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Yearbook 2008

Iraq. The relative calm that settled over parts of the country in 2007 continued. The total number of civilians killed in violence fell by two-thirds in 2008, according to official Iraqi figures, to about 5,700, compared with the previous year. The explanations were three: the Shi'a Mahdi Army ceasefire, the US troop reinforcement and the formation of the Sunni Muslim garden called the Sahwa ("awakening"), loyal to the US-led forces. The large province of Anbar, where the Sahwagardas injured the Sunni Muslim terror network al-Qaeda's Iraqi branch, was handed over in September from US to Iraqi security control. Within the government, however, there was a concern that the Sahwagardas could not cooperate with the Shiite-dominated government troops.

2008 Iraq

According to Countryaah reports, in some provinces, the violence continued. Suicide bombings and other acts were directed at American troops, government troops and police, against the Sahwagards but also against civilians, such as Christians and Shia Muslims. In mid-May, government troops in Mosul - one of al-Qaeda's last strong holdings - conducted an offensive and reportedly seized over 1,200 suspected militia. However, new unrest erupted in October and hundreds of Christian families fled the city.

The Mahdi Army ceasefire from 2007 was said to persist but battles still raged between government troops and Shiamilis for seven weeks in March and April, including in Basra in the southern part of the country and in the Sadr City district of Baghdad. A total of about 1,000 people were killed, most of them civilians. In May, Shiite leader Muqtada al-Sadr renewed the ceasefire and gave Iraqi troops, but not American, access to Sadr City. In August, al-Sadr announced that the Mahdi army would be divided into two branches, one military and one civilian.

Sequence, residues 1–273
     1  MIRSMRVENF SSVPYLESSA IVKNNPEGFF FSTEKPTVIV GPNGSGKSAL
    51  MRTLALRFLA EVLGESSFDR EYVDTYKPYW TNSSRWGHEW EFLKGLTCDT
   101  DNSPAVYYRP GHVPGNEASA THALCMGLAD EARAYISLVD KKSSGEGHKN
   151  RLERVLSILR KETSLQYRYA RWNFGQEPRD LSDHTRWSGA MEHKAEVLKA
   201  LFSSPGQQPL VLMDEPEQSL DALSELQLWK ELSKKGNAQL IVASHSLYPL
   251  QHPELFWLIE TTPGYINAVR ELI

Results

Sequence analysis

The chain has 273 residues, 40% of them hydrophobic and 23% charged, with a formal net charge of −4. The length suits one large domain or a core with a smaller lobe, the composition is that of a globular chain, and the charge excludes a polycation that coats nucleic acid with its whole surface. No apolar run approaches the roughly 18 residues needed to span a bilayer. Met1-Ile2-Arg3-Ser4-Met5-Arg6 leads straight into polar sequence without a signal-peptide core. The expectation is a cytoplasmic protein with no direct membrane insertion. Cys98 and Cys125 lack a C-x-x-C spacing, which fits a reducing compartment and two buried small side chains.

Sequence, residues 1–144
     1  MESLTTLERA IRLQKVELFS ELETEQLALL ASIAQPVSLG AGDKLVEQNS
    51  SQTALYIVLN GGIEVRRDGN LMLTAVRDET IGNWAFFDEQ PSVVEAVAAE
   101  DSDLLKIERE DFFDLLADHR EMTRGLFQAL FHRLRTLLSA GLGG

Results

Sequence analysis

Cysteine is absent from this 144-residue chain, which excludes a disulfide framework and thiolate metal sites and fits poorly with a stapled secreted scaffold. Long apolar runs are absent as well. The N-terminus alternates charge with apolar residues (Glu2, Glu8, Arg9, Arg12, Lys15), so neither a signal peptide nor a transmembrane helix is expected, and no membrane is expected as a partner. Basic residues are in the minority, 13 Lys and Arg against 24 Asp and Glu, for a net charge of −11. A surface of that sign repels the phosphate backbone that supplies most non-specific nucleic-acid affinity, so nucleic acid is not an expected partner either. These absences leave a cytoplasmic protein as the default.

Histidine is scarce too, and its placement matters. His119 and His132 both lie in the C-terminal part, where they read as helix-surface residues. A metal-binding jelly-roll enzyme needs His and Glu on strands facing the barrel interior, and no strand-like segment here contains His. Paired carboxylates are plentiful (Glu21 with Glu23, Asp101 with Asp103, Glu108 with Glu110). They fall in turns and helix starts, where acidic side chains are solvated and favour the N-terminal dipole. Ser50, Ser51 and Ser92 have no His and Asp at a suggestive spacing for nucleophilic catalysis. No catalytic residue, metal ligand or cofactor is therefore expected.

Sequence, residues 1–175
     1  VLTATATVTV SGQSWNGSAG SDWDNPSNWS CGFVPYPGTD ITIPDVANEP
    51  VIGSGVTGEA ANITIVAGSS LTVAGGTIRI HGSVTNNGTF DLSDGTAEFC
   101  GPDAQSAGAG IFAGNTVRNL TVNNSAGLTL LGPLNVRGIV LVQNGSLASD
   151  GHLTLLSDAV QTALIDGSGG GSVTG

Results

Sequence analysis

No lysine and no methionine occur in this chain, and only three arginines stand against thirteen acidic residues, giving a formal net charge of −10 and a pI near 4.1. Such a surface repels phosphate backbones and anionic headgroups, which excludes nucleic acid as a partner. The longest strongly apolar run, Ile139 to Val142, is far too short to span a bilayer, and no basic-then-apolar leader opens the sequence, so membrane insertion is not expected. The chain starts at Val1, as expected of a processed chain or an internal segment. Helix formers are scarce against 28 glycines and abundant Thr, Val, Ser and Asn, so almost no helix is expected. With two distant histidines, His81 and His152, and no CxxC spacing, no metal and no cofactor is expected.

After negotiations throughout 2008, the government and the United States agreed November 16 on the so-called SOFA (Status of Forces Agreement). According to this security pact, US troops by the end of the year 2009 would have withdrawn from all bases outside the cities and by the end of December 2011 would have completely left Iraq. The transfer of sovereignty to the Iraqi government meant that Iraq would gain control of the 16,000 prisoners held by the United States. in Iraq, that the United States would no longer be allowed to attack other countries from Iraqi soil and that a special committee be set up to determine whether Americans who committed offenses outside the US bases would be brought before the Iraqi court. The agreement was a milestone because it meant that US troops were now in Iraq not on UN mandate but through an agreement between two sovereign states. By promising a referendum on the agreement in 2009, the government got Parliament's Sunni Muslim members to vote for the agreement. But critics, especially Shiite opposition backed by Iran, argued that the United States should leave Iraq immediately.

The country's largest Sunni-dominated party, the Iraqi consensus front (ICF or Tawafiq), which withdrew from the government in 2007, returned in July and resumed six ministerial posts.

Iran's President Mahmoud Ahmadinejad was March 2 - 3 first to make a state visit to Iraq since the US-led invasion in 2003. Seven agreements were signed on cooperation in the mining industry, transport and customs operations, among others.

The Arab countries of Bahrain, the United Arab Emirates, Kuwait and Jordan appointed ambassadors in the year following US pressures in Iraq. The country had been isolated from its Sunni Muslim neighbors since 2003.

Representatives of nearly 100 countries gathered in Stockholm on May 29 for a conference on political and financial support for Iraq. The conference, which was held under UN supervision, was part of the International Compact with Iraq (ICI) partnership launched in Egypt in 2007. Prime Minister Nouri al-Maliki appealed in Stockholm for further debt cancellation but I's largest lenders, Saudi Arabia and Kuwait, had not sent any high-ranking representatives, which was interpreted as an unwillingness to write off additional debts.

According to a report from the International Red Cross in October, I's infrastructure was near decay. Still, 40 percent of the population lacked access to, for example, clean water. The International Monetary Fund (IMF) reported in December that, thanks to the improved security situation, I's economy had strengthened considerably in 2008, but that the falling oil price was a cloud of concern.

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